In the UK the anti-Semitism ‘crisis’ within the Labour Party is being heralded by the BBC and right wing media as a test of Jeremy Corbyn’s leadership. It is being portrayed to the general public as a major issue for the Labour Party, against which Corbyn needs to take decisive action. This is a bit rich given the history of some of the newspapers involved. That aside, Corbyn has deftly sidestepped the media agenda and appointed an internal commission headed up by Shami Chakrabarti, former Director of Liberty, to lead an independent investigation and come up with new guidance for the Labour Party and its members. The objectivity of Chakrabarti should at least not be in doubt.
Jeremy Corbyn has campaigned against racism in all of its forms for his entire political life, as has Ken Livingstone. Both supported the African National Congress and Nelson Mandela when the UK media and the Thatcher government were condemning Mandela as a terrorist. They have consistently supported the cause of the people of Palestine. If only some of those rushing to criticise could say the same.
18th April 2016
Nights on our feet, days on the street
There is a fraying at the edges of the patchwork of European Union consensus. It is evident on the streets of Paris in the Nuit Debout (Nights on our feet) protests which have engulfed Paris and other French cities for the last two weeks. It is evident on the streets of London, with over 50,000 joining the People’s Assembly march against austerity at the weekend. It is evident in the votes for Podemos, born of the indignados movement in Spain. It is there in the divided outcome of the recent elections in Ireland. The spirit which brought Syriza into government in Greece is further evidence of the strength of feeling on the streets, even if the people’s demands were not realised by the reality of Syriza in office.
The threads which are coming loose in the EU are being pulled from competing directions, as the politics of the continent becomes increasingly polarised. The pro-austerity right wing are retrenching to defend the monetarist policies of the EU, which have benefitted its richer nations while impoverishing the more marginal economies in Greece, Portugal, Ireland and Spain. Angela Merkel, Francois Hollande, and David Cameron broadly represent this trend in spite of their ostensibly differing political hues.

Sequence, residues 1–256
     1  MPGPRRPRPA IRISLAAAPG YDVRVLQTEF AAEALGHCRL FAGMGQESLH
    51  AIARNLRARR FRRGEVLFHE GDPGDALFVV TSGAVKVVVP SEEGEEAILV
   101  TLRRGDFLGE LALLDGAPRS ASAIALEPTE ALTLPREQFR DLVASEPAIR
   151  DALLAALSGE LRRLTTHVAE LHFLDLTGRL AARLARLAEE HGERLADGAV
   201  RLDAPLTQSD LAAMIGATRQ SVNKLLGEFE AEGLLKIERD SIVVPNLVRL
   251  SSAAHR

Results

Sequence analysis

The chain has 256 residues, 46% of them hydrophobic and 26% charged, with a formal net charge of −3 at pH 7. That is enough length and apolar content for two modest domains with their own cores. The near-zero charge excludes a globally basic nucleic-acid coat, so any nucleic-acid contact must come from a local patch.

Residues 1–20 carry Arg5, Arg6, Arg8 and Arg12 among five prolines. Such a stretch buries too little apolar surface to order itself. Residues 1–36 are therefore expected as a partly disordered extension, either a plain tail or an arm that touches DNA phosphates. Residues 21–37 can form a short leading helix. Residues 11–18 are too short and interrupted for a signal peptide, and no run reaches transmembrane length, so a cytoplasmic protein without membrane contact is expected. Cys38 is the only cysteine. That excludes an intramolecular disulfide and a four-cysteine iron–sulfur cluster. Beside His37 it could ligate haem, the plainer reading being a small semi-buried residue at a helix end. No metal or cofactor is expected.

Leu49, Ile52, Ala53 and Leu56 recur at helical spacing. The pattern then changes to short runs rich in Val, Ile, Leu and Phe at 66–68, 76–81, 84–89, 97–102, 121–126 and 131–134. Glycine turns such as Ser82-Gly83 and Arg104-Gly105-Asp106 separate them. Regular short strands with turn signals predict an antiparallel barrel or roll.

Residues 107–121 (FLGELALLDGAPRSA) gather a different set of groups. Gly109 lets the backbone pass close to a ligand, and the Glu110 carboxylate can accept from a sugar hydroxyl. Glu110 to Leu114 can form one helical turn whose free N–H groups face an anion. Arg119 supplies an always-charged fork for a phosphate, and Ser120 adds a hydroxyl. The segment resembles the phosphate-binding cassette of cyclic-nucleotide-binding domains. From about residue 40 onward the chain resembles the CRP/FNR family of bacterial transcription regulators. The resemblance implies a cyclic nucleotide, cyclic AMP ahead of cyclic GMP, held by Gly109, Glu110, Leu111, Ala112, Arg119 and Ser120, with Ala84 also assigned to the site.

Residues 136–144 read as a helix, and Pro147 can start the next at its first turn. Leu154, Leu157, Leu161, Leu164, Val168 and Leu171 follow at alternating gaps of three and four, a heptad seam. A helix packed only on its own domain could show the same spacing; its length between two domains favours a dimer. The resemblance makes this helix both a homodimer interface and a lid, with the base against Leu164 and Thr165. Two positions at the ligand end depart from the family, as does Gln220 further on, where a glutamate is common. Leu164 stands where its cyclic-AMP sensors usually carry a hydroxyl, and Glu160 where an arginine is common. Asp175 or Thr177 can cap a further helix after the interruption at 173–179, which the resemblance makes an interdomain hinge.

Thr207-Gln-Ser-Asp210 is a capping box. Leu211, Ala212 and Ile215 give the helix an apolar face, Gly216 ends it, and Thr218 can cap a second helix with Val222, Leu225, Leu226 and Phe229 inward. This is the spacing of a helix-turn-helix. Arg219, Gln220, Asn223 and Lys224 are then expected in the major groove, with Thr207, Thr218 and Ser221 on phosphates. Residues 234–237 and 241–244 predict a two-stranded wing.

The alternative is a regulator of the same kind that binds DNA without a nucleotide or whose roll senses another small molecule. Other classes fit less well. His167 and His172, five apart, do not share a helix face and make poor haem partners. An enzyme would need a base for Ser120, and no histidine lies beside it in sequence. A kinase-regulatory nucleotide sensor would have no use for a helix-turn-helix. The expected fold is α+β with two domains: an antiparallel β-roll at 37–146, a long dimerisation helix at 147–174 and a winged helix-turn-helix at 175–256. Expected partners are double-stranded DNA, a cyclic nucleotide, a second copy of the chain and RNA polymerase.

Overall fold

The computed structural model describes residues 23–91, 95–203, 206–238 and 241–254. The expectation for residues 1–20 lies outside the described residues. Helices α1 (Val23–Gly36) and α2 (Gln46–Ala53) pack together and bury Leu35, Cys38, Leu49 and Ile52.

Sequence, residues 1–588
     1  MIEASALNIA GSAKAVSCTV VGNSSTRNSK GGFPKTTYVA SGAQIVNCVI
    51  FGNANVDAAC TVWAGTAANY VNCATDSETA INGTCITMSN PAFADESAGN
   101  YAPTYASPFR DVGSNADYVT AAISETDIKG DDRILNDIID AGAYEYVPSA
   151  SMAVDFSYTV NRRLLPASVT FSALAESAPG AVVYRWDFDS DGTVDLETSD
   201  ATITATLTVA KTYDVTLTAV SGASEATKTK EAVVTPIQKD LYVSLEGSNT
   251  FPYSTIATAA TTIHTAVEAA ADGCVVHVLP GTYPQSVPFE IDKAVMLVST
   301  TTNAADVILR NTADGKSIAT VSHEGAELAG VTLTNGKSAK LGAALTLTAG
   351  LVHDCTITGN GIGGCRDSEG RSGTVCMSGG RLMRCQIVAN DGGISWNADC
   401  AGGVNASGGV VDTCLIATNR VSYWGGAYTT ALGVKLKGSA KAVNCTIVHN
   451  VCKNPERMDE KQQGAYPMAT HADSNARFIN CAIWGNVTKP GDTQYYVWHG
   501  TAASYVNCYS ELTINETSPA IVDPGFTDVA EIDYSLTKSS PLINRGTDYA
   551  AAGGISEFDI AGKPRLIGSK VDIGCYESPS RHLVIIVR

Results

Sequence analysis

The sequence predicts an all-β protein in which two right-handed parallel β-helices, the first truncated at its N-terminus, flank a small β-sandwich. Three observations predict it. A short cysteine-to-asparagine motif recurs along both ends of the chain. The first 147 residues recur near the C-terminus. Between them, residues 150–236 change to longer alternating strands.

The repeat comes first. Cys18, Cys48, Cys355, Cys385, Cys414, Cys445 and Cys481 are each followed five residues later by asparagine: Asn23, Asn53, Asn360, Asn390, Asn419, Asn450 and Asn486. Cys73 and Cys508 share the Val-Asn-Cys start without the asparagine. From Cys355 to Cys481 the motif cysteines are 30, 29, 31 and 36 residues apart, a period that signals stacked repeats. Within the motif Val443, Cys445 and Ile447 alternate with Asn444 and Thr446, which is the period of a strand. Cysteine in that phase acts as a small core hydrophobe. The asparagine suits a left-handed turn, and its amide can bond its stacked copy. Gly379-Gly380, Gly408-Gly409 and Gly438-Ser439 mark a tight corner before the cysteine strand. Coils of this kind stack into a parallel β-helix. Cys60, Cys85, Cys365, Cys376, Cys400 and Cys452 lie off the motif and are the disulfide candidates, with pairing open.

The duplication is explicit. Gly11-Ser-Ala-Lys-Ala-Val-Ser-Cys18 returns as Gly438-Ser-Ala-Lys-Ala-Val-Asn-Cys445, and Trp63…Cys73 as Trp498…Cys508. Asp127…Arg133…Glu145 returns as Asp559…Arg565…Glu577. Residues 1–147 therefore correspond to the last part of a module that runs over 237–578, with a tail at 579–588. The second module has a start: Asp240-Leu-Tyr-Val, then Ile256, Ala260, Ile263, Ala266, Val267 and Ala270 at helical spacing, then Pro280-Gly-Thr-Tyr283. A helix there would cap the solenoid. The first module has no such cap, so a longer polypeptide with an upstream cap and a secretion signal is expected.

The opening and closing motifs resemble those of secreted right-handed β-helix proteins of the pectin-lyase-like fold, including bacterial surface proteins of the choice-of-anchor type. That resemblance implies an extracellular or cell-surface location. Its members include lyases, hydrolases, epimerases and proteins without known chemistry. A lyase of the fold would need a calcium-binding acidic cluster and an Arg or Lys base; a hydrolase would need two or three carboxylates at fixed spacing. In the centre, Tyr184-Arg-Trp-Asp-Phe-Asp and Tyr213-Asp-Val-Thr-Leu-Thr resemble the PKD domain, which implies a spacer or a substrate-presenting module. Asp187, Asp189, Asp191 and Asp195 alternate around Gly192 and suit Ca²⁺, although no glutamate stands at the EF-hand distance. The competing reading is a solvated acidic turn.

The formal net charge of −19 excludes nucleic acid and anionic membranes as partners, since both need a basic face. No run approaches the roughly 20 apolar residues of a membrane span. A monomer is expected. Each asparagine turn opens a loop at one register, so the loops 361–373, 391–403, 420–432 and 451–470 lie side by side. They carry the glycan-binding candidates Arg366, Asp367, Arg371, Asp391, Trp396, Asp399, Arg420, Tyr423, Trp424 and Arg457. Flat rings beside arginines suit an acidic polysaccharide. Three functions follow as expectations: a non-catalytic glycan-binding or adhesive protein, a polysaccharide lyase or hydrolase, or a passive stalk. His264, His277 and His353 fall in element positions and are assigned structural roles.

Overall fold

Further right still are those who see that austerity is not working but, rather than acknowledge the failures of big business, direct their fire at refugees and the migration crisis. Marine Le Pen in France is the most prominent exponent of this line in Western Europe, though others are bubbling just beneath the surface in many parts of Europe. The line taken by the Eastern European nations of Hungary, Montenegro and Slovenia in terms of the programme of border closures reflects a harder line in that part of the EU and a continued rightward shift since the defeat of socialist governments in the 1990’s.
The Left has yet to find a coherent response to these developments but the anger of the people across Europe at enforced austerity is becoming increasing clear. The disparate nature of many of the protests however means that they are yet to mount a serious challenge to the established European economic order. In Greece Syriza has been all but absorbed into the mainstream, a fate its pro-EU pro-NATO line always suggested. Votes for Podemos in Spain are positive but not yet enough to shift the Parliamentary balance decisively. There is no indication at present that, even should this occur, Podemos will not be absorbed in the same way as Syriza.
The Nuit Debout protesters in France make a virtue of their lack of leadership and democratic approach to the nightly occupations of key sites, including place de la Republique in Paris, but without a more strategic approach the French state will withstand this sort of action indefinitely. The global day of action called for the 15th May must be supported, if only to send a message that there is real anger at enforced austerity policies but this in itself will not be enough. http://www.nuitdebout.fr/en/international-call-by-nuit-debout.html